A rom-com in Kannada from VASP
A mother is worried about her efforts to bring home a daughter-in-law because her husband and her son are big stumbling blocks to that venture. Her husband is a walkie-talkie version of Ambrose Bierce’s The Devil’s Dictionary, with his own definitions for all and sundry words – he brings these up in every conversation regardless of relevance or propriety. Her son, our hero, is bristling with revolutionary zeal, which permeates every verse of poetry he writes, decrying the sordid and morbid state of affairs around him. Any meeting with a prospective bride’s family invariably leads to disaster on account of the verbal deluge from the father and son duo.
Things change when a middle-aged couple and their daughter, our heroine, move into the neighbouring house and come to visit. The male of the pair is put off by our hero’s father, though his wife falls to some extent for his humourous banter. The daughter seethes with anger at the men of the world, and her anger seeks vent in vitriolic poetry. She comes into our hero’s life as a thundering whirlwind (though the hero’s mother has a more colourful description for her), leaving him disturbed in her wake.
When a feminist meets a revolutionary, well, something has to give. And that is the crux of the whole play, to the delight of some parents and the chagrin of others. The plotting mothers embark on a mission to smoothen the sailing of the love-boat. The father who wears suspenders, smokes a pipe and hides behind a walrus-moustache, also lurks in the background eavesdropping on the young couple, adding to comic relief.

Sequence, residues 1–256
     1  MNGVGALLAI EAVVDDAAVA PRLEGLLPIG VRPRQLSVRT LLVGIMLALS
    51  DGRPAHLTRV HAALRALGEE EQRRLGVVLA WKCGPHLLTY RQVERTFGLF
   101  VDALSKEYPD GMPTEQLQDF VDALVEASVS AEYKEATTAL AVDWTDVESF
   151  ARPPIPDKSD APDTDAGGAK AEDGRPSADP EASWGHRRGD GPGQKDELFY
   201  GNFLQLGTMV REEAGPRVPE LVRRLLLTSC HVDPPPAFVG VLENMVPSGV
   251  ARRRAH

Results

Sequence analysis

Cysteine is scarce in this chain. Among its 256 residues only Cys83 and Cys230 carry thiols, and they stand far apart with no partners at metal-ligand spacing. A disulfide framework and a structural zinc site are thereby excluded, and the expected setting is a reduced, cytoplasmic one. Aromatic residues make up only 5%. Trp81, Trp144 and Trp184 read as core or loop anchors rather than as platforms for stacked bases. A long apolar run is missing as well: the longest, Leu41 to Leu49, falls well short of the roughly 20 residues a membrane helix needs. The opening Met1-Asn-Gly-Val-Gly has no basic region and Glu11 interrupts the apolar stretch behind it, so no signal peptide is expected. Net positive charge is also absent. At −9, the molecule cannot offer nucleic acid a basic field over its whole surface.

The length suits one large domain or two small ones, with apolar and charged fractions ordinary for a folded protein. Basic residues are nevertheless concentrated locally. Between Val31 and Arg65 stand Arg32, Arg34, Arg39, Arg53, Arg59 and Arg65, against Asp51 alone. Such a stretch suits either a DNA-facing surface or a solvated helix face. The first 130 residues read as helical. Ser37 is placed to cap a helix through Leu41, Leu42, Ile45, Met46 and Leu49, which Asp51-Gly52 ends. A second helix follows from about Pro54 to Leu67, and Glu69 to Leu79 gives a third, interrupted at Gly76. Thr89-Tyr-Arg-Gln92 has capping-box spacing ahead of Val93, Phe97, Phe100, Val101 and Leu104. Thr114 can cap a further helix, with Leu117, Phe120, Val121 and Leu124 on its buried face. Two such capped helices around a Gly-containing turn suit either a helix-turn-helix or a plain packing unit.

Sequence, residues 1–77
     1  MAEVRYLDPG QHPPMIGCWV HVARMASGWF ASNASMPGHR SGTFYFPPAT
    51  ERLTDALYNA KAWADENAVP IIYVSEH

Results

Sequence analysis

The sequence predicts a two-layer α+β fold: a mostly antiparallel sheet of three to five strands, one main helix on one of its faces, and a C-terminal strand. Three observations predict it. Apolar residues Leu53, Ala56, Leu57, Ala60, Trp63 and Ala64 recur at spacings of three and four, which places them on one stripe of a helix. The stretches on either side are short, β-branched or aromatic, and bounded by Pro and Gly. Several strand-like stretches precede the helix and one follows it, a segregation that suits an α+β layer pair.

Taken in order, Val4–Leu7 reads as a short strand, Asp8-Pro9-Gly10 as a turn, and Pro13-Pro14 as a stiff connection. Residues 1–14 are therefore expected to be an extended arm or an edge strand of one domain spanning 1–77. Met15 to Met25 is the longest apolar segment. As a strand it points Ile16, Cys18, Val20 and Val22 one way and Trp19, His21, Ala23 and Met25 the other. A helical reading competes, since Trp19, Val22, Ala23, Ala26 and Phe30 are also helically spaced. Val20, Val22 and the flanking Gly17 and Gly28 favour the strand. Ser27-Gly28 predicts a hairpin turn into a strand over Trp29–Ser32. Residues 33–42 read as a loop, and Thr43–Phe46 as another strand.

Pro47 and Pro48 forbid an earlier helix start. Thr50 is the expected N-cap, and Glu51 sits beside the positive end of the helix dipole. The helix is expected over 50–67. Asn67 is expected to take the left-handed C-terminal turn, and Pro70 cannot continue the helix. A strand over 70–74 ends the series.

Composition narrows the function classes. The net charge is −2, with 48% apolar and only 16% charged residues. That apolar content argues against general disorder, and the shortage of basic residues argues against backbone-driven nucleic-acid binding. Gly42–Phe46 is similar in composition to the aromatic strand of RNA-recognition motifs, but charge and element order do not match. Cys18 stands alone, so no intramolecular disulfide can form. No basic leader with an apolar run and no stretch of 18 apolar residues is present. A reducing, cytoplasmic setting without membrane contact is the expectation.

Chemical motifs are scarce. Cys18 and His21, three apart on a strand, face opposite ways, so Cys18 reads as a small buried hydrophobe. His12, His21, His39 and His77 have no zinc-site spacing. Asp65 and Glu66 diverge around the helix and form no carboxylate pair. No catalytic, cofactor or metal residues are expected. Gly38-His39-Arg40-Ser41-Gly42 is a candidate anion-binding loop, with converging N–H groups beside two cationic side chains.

Avanu Ghazal AvaLu Shayari (meaning: He is a ghazal, she poetry) transported me back to my college days in the ‘80s , when we used to sport a jubba and a jhola just like the revolutionary poet and his sidekicks. I really loved the blood-red polka-dotted shirt that the hero sports when he is ‘converted’ into what some people call a ‘baa’-lamb. The heroine’s headband and frock reminded one of the feisty young ladies of those days, when the heart yearned for just one glance from one of them, nurturing a hope that gravity would, at least for once, demonstrate its presence by attracting a flower from her tresses or a handkerchief from her hand, unbeknownst to her – this fortunate occurrence could either be used to get a chance for conversation or retain it for keepsakes, as a token of tender memories.
I found a kindred soul in the hero’s father, given my penchant for word play in real life. A couple of examples here from the myriad ones on similar lines in the play: “A washer-man is a guy who tries breaking stones using our clothes.” “Laundry is just the process of washing and ironing our clothes in order to preserve the stains on them.”
In all, a wonderful and hilarious romantic comedy from VASP, produced by NC Mahesh and ably directed by Vinay Shastri, accompanied by excellent acting on part of the entire cast and some perfectly suitable music to go with the romantic mood. My only regret was that I could not savour all the poetry rattled off by the hero and the heroine due to my weak Kannada. I wish I could get the script and enjoy those lines all the more. The play took me back to my younger days when I wrote what I then thought was romantic poetry. I have told my son not to miss it, if it is staged again – and I think that says everything I feel about this play. I, for one, would certainly like to see it again.